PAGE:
Review: Jazzy Couscous founder Alixkun comes back with a 2nd volume of "Kumo No Muko", 12 Japanese music gems from the 80s exploring Ambient & Synth-Pop atmospheres. It opens with Miwako Saito's "12 No Garnet", a soft, slow paced and dreamy piece of synth-pop. Following are Yoshio Suzuki's "Touch Of Rain" and Ayuo Takahashi's "Mizu Iro No Kagami", both flirting with Jazz, Ambient & New Age influences. Traces of YMO members can be found with Hosono produced Tomoko Yasuno's "Sur La Terra" & Flat Face's "Hibi No Awa", released on Sakamoto's related label. While going through more exotic vibes with Shi-Shonen's "Harvest (Long Size)", Alixkun doesn't forget more chill out ambiances: Toru Hatano's "Kanki" is a singular mind trip led by a guitar solo a la Pink Floyd. The project closes with Mio Fou's "Picasso No Ao", a moody track illustrated by a combination of acoustic guitar and solo piano.
Review: Master of ambient spaces and far out places, long-time Finnish producer Sasu Ripatti (aka Vladislav Delay) blesses us once again with another release, this from his 'Visa' period of unreleased tracks.
The first track out of the gate is a recognizable Vladislav Delay piece, but instead of gently flowing rivers of sound, instead we have a series of stiff, machine-like rhythms applied to his classic infinitely deep pads and ambient environmental sounds. It just continues to pile in more elements until becoming almost indistinguishable from his natural, organic flow. From there we move into somewhat more familiar territory but still unusually stripped down and mechanical for a Vladislav Delay joint. It's fascinating to see such an intricate songwriting process laid bare in such a way, often exposing each individual, nearly bottomless sound in isolation.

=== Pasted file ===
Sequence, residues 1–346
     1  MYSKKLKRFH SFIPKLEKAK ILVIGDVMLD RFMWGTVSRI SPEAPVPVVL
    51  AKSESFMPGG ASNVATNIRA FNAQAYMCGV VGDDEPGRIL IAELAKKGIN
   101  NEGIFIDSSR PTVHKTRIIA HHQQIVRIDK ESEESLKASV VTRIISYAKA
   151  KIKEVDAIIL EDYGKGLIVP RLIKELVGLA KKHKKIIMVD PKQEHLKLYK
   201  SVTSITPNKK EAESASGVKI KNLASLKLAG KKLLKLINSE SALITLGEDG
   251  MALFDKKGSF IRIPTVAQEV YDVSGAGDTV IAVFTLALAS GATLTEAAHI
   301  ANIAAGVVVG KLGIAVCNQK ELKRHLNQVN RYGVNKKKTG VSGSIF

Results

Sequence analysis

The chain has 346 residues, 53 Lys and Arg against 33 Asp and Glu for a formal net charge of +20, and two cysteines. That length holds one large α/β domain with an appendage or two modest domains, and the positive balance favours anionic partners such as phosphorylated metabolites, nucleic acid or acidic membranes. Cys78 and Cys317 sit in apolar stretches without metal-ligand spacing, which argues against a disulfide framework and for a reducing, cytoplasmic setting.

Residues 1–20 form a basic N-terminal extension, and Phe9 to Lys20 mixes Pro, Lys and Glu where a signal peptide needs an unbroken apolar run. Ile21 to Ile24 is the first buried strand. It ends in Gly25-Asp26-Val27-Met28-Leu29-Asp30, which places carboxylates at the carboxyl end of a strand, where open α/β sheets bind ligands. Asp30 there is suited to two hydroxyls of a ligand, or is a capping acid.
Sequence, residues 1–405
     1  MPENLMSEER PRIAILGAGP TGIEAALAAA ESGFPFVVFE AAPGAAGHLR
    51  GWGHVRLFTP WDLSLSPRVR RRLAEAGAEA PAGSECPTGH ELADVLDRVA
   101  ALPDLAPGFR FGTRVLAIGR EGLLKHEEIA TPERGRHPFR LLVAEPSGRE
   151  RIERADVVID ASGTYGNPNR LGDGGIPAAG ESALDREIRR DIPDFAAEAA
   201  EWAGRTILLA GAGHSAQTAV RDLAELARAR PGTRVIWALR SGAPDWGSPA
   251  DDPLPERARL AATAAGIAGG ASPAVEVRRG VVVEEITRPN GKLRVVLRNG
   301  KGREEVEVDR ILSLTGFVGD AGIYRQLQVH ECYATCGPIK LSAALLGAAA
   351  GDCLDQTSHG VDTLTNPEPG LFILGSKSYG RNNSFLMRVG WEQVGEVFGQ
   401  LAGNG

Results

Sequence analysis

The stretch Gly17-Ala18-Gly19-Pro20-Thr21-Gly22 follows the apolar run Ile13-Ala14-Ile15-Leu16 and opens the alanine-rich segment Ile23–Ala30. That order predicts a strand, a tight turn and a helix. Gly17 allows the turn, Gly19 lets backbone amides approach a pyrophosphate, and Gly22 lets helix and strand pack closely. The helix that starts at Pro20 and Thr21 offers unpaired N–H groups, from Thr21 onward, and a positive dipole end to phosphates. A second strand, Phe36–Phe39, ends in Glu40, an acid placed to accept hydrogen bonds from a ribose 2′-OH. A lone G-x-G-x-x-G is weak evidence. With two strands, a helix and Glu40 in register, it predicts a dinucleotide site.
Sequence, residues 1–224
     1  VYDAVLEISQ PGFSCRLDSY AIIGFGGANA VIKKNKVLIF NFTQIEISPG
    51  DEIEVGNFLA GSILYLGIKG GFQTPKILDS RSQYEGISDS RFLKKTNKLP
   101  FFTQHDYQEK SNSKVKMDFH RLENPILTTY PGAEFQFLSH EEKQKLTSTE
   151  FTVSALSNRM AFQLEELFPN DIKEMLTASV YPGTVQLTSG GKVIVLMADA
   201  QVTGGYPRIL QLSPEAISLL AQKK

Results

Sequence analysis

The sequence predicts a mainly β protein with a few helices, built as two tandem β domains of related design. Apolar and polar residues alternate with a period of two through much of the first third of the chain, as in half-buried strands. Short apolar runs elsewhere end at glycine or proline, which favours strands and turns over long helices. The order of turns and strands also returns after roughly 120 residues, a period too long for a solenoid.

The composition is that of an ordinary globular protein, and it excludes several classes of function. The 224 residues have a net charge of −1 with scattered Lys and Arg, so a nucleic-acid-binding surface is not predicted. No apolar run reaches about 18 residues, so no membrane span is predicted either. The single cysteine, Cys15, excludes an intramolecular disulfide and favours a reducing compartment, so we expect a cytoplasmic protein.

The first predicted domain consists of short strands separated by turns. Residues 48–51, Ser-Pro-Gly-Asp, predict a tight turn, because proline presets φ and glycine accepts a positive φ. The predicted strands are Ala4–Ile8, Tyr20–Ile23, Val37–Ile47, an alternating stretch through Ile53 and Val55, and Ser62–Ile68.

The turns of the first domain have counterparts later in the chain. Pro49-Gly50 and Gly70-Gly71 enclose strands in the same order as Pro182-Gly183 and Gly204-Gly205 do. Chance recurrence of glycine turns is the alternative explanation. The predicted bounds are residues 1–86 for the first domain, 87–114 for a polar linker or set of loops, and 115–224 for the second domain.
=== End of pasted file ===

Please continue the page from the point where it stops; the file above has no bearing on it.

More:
Deeper into the album, things veer into decidedly more abrasive and synthetic territory, at times becoming an almost unrecognizable artist for a moment, only to be eventually subsumed under layers of shifting ambience that could only be Sasu.
This austere minimalism makes these tracks some of the most hypnotic since the early 90s excursions, but at the same time seems to have left its organic, analog roots and melded with the harsh gridlocked modern sequencer. ~Clint Anderson
Review: Emotional Rescue is delighted to present a collection of works by the founding father of the modern drum movement, Glen Velez. Collated from his first 3 solo albums from 1985 to 1989, Sweet Season is a snapshot in to the pioneering composing and performance of this four-time Grammy winner. Born in 1949, of Mexican American ancestry, Velez grew up in Texas before moving to New York in 1967. Playing jazz on the drums he soon gravitated to hand drums from around the world (frame drums in particular), seeking out teachers from many different musical traditions.
Among the many instruments Velez favours are the Irish bodhran, the Brazilian pandeiro, the Arabic riq, the North African bendir and the Azerbaijani ghaval. Although these instruments are similar in construction they have their own playing techniques that open new possibilities.
Sweet Season highlights this vocabulary, mixing and adapting techniques from various cultures to develop new ones. The music, often composed as cross-cultural ensembles, has a particular fondness for polyrhythms - superimposing different meters simultaneously - while incorporating Stepping Split-tone and Central Asian Overtone singing to complete the global horizons.
This new genre of contemporary drumming has been hugely influential and seen Velez work with the likes of John Cage and Steve Reich, as well as teaching his virtuosic combinations of hand movements and finger techniques to many emerging players.